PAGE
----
The design of the Propeller chip frees application developers from common complexities of embedded systems programming. For example: • Eight processors (cogs) perform simultaneous processes independently or cooperatively, sharing common resources through a central hub. The Propeller application designer has full control over how and when each cog is employed; there is no compiler-driven or operating system-driven splitting of tasks among multiple cogs. This method empowers the developer to deliver absolutely deterministic timing, power consumption, and response to the embedded application. • Asynchronous events are easier to handle than with devices that use interrupts. The Propeller has no need for interrupts; just assign some cogs to individual, high-bandwidth tasks and keep other cogs free and unencumbered. The result is a more responsive application that is easier to maintain. • A shared System Clock allows each cog to maintain the same time reference, allowing true synchronous execution.

1.4.

Programming Advantages

• The object-based high-level Spin language is easy to learn, with special commands that allow developers to quickly exploit the Propeller chip’s unique and powerful features. • Propeller Assembly instructions provide conditional execution and optional flag and result writing for each individual instruction. This makes critical, multi-decision blocks of code more consistently timed; event handlers are less prone to jitter and developers spend less time padding, or squeezing, cycles.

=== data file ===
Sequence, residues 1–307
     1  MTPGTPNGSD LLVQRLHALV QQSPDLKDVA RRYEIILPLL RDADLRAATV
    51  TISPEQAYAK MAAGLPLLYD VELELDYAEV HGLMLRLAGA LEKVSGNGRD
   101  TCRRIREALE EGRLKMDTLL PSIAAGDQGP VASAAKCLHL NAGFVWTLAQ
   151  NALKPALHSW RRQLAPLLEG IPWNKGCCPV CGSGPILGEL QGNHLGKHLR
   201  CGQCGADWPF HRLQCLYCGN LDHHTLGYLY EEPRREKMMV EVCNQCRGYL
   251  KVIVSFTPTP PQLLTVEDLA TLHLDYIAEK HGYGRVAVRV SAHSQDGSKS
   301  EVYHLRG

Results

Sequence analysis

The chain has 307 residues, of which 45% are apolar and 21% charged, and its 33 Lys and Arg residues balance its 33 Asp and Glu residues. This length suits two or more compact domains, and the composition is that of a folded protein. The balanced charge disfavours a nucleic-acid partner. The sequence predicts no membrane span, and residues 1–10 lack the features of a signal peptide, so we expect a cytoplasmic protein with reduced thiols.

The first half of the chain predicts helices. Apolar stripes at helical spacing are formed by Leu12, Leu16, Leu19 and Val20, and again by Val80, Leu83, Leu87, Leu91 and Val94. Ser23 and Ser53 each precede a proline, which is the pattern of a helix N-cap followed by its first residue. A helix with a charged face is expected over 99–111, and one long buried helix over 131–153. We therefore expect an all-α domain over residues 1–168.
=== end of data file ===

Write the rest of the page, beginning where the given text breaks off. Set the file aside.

1.5.

Applications

The Propeller chip is particularly useful in projects that can be vastly simplified with simultaneous processing, including: • Industrial control systems • Sensor integration, signal processing, and data acquisition • Handheld portable human-interface terminals • Motor and actuator control • User interfaces requiring NTSC, PAL, or VGA output, with PS/2 keyboard and mouse input • Low-cost video game systems • Industrial, educational or personal-use robotics • Wireless video transmission (NTSC or PAL)